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"Uneven Ground: Appalachia since 1945 is a sweeping narrative about the political, environmental, and economic realities of the second half of the twentieth century. Author Ronald D. Eller argues that Appalachia's struggle with modernity reflects a deeper American failure to define progress in the first place. Eller contends that the notion or "development" as a solution to poverty fails to envision the essential qualities that create and sustain a healthy society. Eller examines a half century of local, state, and federal antipoverty policies, and he explains their shortcomings, showing how they are manipulated in an arena of corporate greed and political corruption, leading to environmental degradation. He describes development as a value-laden political act, and he illuminates the mixed legacy of growth programs in Appalachia."--BOOK JACKET.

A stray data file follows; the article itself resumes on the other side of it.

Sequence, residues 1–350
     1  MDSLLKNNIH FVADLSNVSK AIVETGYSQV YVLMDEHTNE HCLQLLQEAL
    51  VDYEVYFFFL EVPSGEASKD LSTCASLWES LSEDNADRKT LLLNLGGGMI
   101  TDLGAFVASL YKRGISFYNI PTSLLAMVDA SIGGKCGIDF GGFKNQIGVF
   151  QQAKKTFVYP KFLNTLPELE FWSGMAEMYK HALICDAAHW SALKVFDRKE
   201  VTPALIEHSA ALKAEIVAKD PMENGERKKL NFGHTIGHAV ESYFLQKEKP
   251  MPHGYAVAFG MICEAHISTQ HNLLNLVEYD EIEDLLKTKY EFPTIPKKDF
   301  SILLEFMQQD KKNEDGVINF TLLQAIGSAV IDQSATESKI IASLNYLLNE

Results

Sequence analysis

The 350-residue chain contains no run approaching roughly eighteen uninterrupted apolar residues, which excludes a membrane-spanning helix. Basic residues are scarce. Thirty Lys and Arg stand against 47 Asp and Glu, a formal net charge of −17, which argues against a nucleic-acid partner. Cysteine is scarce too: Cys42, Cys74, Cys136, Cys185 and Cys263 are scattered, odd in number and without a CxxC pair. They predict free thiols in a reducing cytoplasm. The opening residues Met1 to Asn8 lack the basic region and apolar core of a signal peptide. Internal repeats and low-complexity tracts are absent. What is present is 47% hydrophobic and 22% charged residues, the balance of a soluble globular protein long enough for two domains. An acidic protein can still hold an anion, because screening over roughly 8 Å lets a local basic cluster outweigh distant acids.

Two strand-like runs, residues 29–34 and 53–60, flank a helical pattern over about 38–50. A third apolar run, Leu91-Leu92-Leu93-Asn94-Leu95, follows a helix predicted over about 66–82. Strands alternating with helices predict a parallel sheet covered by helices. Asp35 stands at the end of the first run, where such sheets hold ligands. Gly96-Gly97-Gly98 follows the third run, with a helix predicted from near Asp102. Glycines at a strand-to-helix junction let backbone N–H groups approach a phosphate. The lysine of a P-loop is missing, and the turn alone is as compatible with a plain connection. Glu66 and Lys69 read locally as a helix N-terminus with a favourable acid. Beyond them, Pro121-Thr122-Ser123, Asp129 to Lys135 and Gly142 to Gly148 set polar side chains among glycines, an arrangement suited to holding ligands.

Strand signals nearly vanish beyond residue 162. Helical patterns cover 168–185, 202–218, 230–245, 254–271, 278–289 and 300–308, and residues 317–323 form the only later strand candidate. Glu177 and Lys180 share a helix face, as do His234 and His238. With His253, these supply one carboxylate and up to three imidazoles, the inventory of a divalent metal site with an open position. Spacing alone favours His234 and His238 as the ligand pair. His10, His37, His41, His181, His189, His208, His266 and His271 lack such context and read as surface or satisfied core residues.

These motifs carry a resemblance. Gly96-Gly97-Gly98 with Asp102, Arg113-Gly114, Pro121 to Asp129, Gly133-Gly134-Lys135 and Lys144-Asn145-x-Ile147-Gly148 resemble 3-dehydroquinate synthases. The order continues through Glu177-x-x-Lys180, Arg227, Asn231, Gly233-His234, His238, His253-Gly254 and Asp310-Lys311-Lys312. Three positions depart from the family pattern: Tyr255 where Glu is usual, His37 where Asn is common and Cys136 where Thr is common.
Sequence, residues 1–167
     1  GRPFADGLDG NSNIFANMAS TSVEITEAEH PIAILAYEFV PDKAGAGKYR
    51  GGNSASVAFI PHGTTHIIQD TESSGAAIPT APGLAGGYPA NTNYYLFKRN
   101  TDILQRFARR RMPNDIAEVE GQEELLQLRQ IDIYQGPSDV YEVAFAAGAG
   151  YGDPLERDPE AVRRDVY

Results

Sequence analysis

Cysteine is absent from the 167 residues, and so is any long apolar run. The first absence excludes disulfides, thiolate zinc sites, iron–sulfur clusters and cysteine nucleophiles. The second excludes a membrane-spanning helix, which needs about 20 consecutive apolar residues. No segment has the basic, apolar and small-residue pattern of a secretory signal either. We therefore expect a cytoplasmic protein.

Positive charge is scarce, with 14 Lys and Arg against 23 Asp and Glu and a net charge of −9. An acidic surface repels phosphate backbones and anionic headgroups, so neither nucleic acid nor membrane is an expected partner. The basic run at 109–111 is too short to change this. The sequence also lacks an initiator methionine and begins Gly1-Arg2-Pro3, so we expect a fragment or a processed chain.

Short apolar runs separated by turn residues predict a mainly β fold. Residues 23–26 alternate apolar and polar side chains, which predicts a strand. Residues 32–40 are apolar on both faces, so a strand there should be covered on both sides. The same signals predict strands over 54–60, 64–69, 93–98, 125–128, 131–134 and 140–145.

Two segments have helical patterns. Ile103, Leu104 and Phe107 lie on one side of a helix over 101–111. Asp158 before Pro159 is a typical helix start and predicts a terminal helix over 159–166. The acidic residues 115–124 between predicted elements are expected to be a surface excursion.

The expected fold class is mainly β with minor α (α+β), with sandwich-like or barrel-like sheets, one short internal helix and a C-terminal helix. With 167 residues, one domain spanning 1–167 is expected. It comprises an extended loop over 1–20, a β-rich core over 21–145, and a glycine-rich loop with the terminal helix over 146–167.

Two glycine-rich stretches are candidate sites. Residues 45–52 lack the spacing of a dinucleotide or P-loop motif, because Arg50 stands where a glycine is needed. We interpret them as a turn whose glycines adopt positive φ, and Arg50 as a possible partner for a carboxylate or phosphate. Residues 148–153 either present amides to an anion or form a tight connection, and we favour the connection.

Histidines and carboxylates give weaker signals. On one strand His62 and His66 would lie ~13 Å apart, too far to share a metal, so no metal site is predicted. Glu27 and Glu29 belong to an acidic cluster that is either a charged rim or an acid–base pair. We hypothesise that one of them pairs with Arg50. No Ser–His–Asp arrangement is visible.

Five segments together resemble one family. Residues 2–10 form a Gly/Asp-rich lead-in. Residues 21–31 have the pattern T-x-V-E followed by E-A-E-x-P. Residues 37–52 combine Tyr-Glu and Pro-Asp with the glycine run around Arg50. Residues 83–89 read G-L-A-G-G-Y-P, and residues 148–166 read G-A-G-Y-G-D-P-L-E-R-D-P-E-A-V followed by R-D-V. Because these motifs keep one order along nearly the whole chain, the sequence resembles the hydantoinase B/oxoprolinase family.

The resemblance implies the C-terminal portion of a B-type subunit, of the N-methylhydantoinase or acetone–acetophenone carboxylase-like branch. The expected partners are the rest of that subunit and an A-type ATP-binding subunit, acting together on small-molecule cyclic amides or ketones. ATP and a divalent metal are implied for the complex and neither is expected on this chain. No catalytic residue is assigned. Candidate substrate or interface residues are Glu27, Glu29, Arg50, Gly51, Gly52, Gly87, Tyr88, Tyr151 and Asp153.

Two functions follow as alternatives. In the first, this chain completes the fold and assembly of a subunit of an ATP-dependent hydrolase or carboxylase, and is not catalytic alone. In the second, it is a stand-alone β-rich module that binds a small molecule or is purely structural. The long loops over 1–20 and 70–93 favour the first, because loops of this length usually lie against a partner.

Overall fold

Ronald D Eller is former director of the Appalachian Center and professor of history at the University of Kentucky. He is the author of Miners, Millhands, and Mountaineers: Industrialization of the Appalachian South, 1880–1930.
Table of Contents
|"How America Came to the Mountains," by Jim Wayne Miller||p. xiv|
|Rich Land-Poor People||p. 9|
|The Politics of Poverty||p. 53|
|Developing the Poor||p. 90|
|Confronting Development||p. 129|
|Growth and Development||p. 177|
|The New Appalachia||p. 221|
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